The 2023 capital gains tax rate is the amount of tax that applies to profits from the sale of stocks, mutual funds, or other capital assets held for more than a year. The tax rates for short-term gains are 10%, 12%, 22%, 24%, 32%, 35% and 37%. Long-term investors benefit from this rate, as it allows an asset to increase in value over time without being taxed until the point of sale. Taxpayers may also be subject to the Net Investment Income Tax (NIIT), which adds a 3.8% overtax to certain investment sales by individuals, inheritances and trusts above a set threshold.
This credit offsets the tax liability and can even generate a refund. An important exception to a reduced long-term capital gain rate applies to collectible assets, such as antiques, works of art, coins, or even valuable wine vintages. Tax planning opportunities exist to minimize taxes paid, but since the 0% bracket is relatively low, your earnings are likely to extend to other categories. Upgrading occurs when people are pushed to higher tax brackets or when the value of credits and deductions is reduced due to inflation, rather than any increase in real income.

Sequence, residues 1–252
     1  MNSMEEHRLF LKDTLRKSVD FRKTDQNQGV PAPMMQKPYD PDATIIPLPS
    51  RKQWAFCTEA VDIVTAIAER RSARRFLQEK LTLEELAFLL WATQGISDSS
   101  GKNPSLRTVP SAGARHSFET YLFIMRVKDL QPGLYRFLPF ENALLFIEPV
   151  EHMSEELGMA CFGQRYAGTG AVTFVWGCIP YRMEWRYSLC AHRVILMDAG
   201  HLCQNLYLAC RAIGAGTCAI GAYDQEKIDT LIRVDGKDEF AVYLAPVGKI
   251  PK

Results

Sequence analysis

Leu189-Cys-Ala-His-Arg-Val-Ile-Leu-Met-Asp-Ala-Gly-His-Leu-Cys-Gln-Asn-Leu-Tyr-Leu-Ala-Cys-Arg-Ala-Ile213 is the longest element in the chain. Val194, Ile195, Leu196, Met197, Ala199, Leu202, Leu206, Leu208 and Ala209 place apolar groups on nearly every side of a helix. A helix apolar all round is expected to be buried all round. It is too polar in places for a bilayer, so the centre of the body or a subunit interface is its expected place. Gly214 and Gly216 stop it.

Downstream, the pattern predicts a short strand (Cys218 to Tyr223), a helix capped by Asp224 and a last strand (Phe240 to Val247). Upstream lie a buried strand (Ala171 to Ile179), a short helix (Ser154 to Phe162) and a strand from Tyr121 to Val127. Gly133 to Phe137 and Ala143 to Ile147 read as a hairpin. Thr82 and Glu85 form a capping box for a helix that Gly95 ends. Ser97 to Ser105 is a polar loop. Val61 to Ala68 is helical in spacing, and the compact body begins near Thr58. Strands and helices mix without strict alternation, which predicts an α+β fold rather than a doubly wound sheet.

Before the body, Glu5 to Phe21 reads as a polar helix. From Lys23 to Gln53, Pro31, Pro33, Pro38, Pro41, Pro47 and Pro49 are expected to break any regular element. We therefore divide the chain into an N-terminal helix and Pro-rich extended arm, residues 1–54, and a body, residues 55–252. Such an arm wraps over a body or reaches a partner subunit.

A tax credit differs from deductions and exemptions, which reduce taxable income, rather than the taxpayer's tax bill directly. Capital gains distributions (also called capital gains dividends) paid to you by mutual funds (or other regulated investment companies) and real estate investment trusts (REITs) are also subject to previous CGT rules. If you use capital losses to reduce your taxable income as part of tax planning, consider the “laundering” rule that will penalize if you purchase similar or substantially identical shares or securities before a 30-day waiting period. At the end of the year, taxpayers may receive a capital gains tax impact when they see their 1099 investment forms from their mutual fund provider. This is sometimes referred to as a “hidden tax”, as it leaves taxpayers less well-off due to higher costs and “increased tranches”, while increasing the government's purchasing power. The IRS allows you to match your profits and losses for a given year to determine your net capital gain or loss.
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